Next, John Hayes wholly commits to this stripped back feel with his full-length release spanning over twelve tracks, titled ‘By The Woods.’ Absorbed in a single sitting, the stark delicacy of the piano sounds he works with do create something of a trance state, as the mind burrows in, parsing the sonic landscape for detail and nuance. If anything, these tracks feel like orphaned film scores, crying out for a visual to give them a sense of form. By themselves, they are perhaps a little too stable, with no great surprises, though they are passionate snapshots of a broad range of emotional states.

Standout track ‘Here’ sounds like the tune of a lonely wanderer and Hayes weaves a sonic narrative through his melodic storytelling that is quite compelling, while ‘Towne’ contrasts with its hazy ripples: a brooding, cumulative effect building to sensory overload. Tracks such as ‘Given’ and ‘Marin’ take us through the gamut of typical piano evocations with their melancholic, bittersweet sensibility, while the rhythmic feel of ‘Ascend’ and opener ‘Another Word for Happy’ provide counterpoint with a whimsical, carefree spirit and soft, sunny melodies.

Finally, our third album ‘Nome’ provides a welcome relief to the pallid tones of old, dying pianos. Composer Jacob Pavek invites listeners to respond and create their own world within these sonic offerings as responses to feelings and memories. From the very first moment of this album we are greeted with full, pounding chords from a bright, sonorous piano. There is a richness in the harmonics that gently bleeds between each wave of sound, with a lush density of sound so thick that one barely notices the synth and strings swelling up underneath until the piano drops away. There is a real slick sense of professionalism in the end product, with a well honed sound palette and a strong ear for producing and arranging.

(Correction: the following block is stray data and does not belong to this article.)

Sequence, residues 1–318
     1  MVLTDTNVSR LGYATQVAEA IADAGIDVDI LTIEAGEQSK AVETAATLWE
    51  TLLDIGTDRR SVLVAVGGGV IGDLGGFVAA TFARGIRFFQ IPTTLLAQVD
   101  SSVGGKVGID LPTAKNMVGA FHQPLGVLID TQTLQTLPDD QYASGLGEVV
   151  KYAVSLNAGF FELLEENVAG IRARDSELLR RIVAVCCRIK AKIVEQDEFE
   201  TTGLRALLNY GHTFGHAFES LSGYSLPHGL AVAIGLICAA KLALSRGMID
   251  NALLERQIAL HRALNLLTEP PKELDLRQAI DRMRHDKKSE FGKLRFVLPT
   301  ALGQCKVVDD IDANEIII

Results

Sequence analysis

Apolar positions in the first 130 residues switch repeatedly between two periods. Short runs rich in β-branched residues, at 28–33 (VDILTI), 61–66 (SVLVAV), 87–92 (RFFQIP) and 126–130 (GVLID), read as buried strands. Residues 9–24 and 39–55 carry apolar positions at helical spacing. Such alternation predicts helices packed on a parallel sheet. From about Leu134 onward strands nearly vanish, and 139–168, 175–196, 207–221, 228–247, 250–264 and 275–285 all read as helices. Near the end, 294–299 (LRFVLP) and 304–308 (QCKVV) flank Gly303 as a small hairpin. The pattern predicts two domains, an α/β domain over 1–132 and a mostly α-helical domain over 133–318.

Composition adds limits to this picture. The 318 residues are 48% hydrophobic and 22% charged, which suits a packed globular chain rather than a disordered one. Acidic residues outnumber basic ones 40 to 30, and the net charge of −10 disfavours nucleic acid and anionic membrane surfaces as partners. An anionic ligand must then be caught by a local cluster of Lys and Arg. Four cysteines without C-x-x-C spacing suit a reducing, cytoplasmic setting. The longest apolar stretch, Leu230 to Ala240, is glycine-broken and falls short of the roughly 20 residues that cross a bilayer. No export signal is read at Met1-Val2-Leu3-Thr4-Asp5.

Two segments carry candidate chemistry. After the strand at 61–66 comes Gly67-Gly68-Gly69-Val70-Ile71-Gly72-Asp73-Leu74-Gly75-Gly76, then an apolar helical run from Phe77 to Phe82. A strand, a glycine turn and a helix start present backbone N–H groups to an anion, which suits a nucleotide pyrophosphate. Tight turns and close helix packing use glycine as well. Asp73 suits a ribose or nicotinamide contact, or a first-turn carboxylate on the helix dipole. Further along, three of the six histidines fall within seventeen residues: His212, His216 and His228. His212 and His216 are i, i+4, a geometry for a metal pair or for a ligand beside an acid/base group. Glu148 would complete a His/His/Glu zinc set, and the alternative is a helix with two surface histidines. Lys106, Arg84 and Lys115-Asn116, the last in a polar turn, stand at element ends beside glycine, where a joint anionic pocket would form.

While it is the craft with which Pavek constructs his work that makes a strong first impression, it is certainly not skin deep: looking more closely, the compositions themselves are beautifully wrought. The title track is a wonderfully sensitive performance on solo piano, tinged with regret, while ‘Love/Marriage’ makes use of a seductive chord progression to great effect with its beautiful turns of chromaticism. ‘Crocus’ begins with a murky sustained piano melody, as notes bleed together with a gorgeously arranged string section that is weathered, expressive, and with a real sense of spirit and soul. The final track ‘Pulse’ also leaves a lasting impression and begs for further exploration to understand its layers. There is a dense complexity to the sensations embodied in these sounds, like mixed emotions.

Inevitably, the constant flow of quality releases will always overshadow our hunger for new music, no matter how insatiable our appetites. It is startling the myriad musical possibilities that emerge from even a single genre or musical community as we see here with three very different albums, unified with a common love for piano. What a thrilling idea to think that musicians and composers continue to engage with this centuries old instrument, often bringing it into context with synths and modern production, or just as often, exploring the possibilities of the instrument itself, through prepared piano  techniques, and by revisiting older instruments whose wisdom is to be revered and celebrated.